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The Expression of SPARC in Human Intracranial Aneurysms and Its Relationship with MMP-2/-9

  • Bo Li,

    Affiliation Department of Neurosurgery, Qilu Hospital, Shandong University, Jinan, People’s Republic of China

  • Feng Li,

    Affiliation Department of Neurosurgery, Qilu Hospital, Shandong University, Jinan, People’s Republic of China

  • Lingyi Chi,

    Affiliation Department of Neurosurgery, Qilu Hospital, Shandong University, Jinan, People’s Republic of China

  • Liangwen Zhang,

    Affiliation Department of Neurosurgery, Qilu Hospital, Shandong University, Jinan, People’s Republic of China

  • Shugan Zhu

    libo5479937@yahoo.cn

    Affiliation Department of Neurosurgery, Qilu Hospital, Shandong University, Jinan, People’s Republic of China

The Expression of SPARC in Human Intracranial Aneurysms and Its Relationship with MMP-2/-9

  • Bo Li, 
  • Feng Li, 
  • Lingyi Chi, 
  • Liangwen Zhang, 
  • Shugan Zhu
PLOS
x

Abstract

Objective

SPARC is a key determinant of invasion and metastasis in some tumors, such as gliomas, melanomas and prostate tumors. SPARC can change the composition and structure of the matrix and promote angiogenesis; these effects are closely related to clinical stage and the prognosis of tumors such as meningiomas. However, little is known about the expression of SPARC in intracranial aneurysms. The goal of this study was to establish the role of SPARC in human intracranial aneurysms.

Methods

Thirty-one intracranial aneurysms were immunohistochemically stained for SPARC, MMP-2 and MMP-9. As controls, normal Circle of Willis arteries were similarly immunostained. All specimens were retrieved during autopsies and were embedded in paraffin. To evaluate the expression levels of SPARC, MMP-2 and MMP-9, western blotting was also performed in three available intracranial aneurysm specimens. The limited availability of fresh intracranial aneurysm tissue was the result of the majority of patients choosing endovascular embolization.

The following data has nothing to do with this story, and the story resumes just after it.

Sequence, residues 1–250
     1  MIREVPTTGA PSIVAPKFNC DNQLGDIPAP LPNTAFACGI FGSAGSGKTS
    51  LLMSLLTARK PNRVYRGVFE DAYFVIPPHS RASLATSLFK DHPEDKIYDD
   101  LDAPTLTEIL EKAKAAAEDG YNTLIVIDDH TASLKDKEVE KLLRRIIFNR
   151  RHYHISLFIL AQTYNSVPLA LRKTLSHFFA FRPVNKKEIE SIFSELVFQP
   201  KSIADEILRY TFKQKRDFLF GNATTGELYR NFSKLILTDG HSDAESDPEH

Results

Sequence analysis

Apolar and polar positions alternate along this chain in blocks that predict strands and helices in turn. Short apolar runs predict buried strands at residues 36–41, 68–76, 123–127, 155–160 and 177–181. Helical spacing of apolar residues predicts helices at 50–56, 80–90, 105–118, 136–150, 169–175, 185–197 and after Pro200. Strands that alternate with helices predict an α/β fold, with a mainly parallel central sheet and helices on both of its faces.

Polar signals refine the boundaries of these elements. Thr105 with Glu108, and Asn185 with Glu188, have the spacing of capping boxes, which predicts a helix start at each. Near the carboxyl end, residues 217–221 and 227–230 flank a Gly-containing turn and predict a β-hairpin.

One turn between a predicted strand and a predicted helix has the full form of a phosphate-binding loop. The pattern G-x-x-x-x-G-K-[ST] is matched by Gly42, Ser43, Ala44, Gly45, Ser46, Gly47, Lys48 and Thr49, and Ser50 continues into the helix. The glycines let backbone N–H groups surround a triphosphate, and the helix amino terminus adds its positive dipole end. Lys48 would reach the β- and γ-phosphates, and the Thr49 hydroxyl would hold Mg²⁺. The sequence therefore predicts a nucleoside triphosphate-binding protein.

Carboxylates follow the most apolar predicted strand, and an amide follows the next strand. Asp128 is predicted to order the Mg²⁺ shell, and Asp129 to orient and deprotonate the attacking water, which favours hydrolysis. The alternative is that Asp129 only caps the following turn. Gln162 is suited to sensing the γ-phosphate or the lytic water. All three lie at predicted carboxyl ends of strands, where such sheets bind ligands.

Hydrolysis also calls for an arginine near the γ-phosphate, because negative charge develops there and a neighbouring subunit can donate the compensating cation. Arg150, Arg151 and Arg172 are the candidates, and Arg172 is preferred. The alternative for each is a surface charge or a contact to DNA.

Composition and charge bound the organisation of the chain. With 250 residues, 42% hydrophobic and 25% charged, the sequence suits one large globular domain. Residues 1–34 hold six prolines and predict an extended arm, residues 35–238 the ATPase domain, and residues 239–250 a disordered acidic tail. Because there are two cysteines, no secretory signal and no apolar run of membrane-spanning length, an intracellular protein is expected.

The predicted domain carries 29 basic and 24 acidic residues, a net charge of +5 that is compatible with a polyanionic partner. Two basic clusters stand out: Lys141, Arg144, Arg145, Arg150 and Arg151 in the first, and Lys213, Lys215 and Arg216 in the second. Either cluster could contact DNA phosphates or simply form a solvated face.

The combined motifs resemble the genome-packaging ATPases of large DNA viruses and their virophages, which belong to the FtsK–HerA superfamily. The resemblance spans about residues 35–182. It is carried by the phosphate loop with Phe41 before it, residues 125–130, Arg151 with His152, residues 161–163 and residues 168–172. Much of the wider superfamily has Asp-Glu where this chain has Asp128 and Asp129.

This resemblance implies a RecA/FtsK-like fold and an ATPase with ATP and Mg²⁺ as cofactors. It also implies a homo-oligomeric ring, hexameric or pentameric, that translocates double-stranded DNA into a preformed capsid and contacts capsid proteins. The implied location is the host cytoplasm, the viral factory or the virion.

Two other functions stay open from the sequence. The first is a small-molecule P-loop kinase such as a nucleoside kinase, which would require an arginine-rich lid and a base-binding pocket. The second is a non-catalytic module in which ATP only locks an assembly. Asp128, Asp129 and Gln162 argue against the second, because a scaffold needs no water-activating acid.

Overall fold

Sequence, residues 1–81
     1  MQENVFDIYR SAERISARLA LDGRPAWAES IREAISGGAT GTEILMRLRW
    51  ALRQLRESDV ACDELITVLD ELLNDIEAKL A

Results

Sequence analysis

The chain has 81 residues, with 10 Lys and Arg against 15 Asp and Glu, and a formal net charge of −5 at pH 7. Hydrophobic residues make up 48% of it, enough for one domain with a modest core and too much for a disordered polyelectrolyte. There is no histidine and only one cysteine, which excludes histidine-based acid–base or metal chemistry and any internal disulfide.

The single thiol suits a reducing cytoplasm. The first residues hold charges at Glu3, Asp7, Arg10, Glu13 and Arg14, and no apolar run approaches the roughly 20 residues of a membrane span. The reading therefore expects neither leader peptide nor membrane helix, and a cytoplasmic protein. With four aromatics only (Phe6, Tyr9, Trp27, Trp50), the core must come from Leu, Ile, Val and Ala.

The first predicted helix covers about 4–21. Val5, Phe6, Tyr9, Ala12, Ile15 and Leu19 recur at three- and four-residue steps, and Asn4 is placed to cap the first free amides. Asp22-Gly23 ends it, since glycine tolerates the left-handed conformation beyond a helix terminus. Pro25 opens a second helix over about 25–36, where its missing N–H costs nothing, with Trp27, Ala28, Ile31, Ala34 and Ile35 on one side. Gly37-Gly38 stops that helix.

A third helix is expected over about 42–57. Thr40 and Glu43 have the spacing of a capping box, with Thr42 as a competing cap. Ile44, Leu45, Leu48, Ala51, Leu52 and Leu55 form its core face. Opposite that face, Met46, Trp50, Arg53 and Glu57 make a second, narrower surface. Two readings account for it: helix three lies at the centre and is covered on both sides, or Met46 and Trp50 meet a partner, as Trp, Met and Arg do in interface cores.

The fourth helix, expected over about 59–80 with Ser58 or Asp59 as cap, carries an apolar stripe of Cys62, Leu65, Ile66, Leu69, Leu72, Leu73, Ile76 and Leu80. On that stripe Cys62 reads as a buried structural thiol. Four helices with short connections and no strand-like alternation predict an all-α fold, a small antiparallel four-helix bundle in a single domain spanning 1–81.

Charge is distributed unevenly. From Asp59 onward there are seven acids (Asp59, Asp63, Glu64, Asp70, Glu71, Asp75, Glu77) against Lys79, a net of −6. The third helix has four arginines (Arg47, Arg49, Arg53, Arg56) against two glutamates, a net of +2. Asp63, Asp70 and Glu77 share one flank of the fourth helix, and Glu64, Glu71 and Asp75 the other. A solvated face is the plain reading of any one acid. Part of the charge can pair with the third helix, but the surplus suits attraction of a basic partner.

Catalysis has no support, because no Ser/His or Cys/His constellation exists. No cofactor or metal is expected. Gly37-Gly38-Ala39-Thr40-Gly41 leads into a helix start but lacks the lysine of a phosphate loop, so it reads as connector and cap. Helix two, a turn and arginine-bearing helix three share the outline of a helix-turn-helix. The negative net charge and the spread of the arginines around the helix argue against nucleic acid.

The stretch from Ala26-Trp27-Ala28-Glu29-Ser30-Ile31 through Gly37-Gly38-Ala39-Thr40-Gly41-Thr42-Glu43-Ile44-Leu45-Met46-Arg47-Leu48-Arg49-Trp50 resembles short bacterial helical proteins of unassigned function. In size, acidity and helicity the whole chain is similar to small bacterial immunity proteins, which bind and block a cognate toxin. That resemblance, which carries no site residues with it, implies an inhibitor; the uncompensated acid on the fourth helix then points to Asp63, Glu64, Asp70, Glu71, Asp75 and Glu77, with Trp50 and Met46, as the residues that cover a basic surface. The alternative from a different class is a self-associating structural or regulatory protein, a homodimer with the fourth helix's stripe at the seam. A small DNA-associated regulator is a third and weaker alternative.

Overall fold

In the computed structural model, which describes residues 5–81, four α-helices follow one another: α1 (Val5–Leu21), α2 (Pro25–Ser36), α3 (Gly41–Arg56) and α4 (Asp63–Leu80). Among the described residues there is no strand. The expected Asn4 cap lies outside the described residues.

Results

The results showed that SPARC, MMP-2 and MMP-9 were strongly expressed in intracranial aneurysm tissues; however, these proteins were expressed minimally or not at all in normal Circle of Willis arteries. The western blot results showed that the expression levels of SPARC, MMP-2 and MMP-9 were significantly up-regulated in intracranial aneurysms relative to the expression levels in the normal Circle of Willis arteries. Data analysis showed that SPARC was significantly correlated with MMP-2 and MMP-9, also with age and risk factors but not with the Hunt-Hess grade or with sex.

Conclusion

The results indicate that SPARC is widely expressed in human intracranial aneurysms, and its expression correlates with MMP-2 and MMP-9 expression, age and risk factors but not with the Hunt-Hess grade. The results of this study suggest that SPARC has a pathogenic role in the alteration of the extracellular matrix of intracranial arteries during aneurysm formation.

Introduction

Intracranial aneurysms are a common vascular condition with an increasing incidence. Factors such as aging, atherosclerosis, high blood pressure, and smoking have been shown to be associated with the development of intracranial aneurysms [1], [2]. Intracranial aneurysms are life-threatening, and this condition is characterized by alterations of the structural components of the artery wall [3], [4]. However, the molecular pathogenesis of cerebral aneurysms is still unknown, and there is a lack of specific biological markers to predict the occurrence of aneurysms and the risk of rupture.